Posted by Elena del Valle on June 8, 2005
Median Annual Earnings Over Time (Constant 2002 Dollars)
Source: Bureau of Labor Statistics, 2004; estimates from HispanTelligence(R)
Santa Barbara, CA–(HISPANIC PR WIRE)–June 7, 2005–Hispanic women are a rapidly growing segment of the U.S. population, with especially large representation in younger age groups. By 2050, Hispanics are forecasted to comprise nearly one quarter of U.S. women, according to the HispanTelligence(R) research report “Hispanic Women in Profile 2005” released today by Hispanic Business Inc.
The data-rich report also reveals that native-born Hispanic women have higher educational attainment and average earnings than do foreign-born Hispanics, thereby narrowing the differences between Hispanics and national averages. While only 2.9 percent of Hispanic women have advanced degrees, the ones that do have higher average annual earnings ($58,623) than all women with advanced degrees ($50,756).
“From 1979 to 2002, Hispanic women gained a 10 percent increase in real earnings, increasing median annual earnings from $18,720 to $20,592. The wage gap, the difference in earnings between men and women, is smaller among Hispanics than whites. Hispanic women earn 88 percent of Hispanic men’s earnings, while white women earn only 78 percent of white men’s earnings,” stated the author of the study, Andrea Lehman, HispanTelligence(R) Business Economist.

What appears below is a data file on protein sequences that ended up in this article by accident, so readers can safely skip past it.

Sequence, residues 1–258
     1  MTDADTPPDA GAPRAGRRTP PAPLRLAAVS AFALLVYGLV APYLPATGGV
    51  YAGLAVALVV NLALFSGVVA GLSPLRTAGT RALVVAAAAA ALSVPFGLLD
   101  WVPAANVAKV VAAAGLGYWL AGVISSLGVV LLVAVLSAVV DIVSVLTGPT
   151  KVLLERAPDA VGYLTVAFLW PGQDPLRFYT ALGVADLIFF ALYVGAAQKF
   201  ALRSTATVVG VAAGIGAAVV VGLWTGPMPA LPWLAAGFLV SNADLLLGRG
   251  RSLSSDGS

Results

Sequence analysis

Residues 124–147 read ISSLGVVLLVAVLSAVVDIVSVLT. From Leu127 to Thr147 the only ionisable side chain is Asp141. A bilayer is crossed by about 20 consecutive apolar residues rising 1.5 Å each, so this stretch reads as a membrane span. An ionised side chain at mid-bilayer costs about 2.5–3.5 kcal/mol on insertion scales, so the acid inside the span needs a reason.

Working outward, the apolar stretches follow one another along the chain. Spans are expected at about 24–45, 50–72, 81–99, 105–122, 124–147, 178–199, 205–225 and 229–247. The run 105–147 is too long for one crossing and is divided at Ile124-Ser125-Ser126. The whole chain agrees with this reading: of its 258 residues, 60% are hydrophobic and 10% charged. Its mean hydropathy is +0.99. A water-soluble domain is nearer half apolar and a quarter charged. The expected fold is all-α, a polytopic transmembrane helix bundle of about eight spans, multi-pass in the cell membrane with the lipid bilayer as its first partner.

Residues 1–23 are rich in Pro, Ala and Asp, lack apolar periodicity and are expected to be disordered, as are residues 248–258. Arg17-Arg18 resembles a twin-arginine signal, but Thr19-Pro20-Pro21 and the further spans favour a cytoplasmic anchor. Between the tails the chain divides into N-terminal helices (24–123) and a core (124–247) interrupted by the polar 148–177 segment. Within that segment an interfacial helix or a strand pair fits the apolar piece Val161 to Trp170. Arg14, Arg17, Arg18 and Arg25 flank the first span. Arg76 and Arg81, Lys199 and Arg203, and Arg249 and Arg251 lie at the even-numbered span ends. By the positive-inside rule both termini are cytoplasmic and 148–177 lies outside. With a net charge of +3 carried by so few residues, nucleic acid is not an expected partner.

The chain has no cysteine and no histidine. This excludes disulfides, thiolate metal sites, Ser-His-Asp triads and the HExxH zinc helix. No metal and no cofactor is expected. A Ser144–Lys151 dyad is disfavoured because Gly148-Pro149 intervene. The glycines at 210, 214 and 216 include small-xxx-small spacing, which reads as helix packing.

Another interesting finding described in the report is that the number of firms owned by Hispanic women has increased by 63.9 percent between 1997 and 2004. The number has passed the half million mark with 553,618 Hispanic women-owned businesses in 2004.
What do these key findings mean for the future of Hispanic women? Hispanic women will have an increasing impact on the face of the U.S. economy that cannot be ignored – especially in entrepreneurial and small-business ventures.
The HispanTelligence(R) “Hispanic Women in Profile 2005” report also provides: Demographic data on education, population, and other comparative trends; comparison of native-born and foreign-born Hispanic women; description of Hispanic women by area of origin; labor force participation of Hispanic women with children; breakdown of employment by industry; minority women-owned firms; and concentrations by industry of Hispanic women-owned businesses. Details at Hispanic Business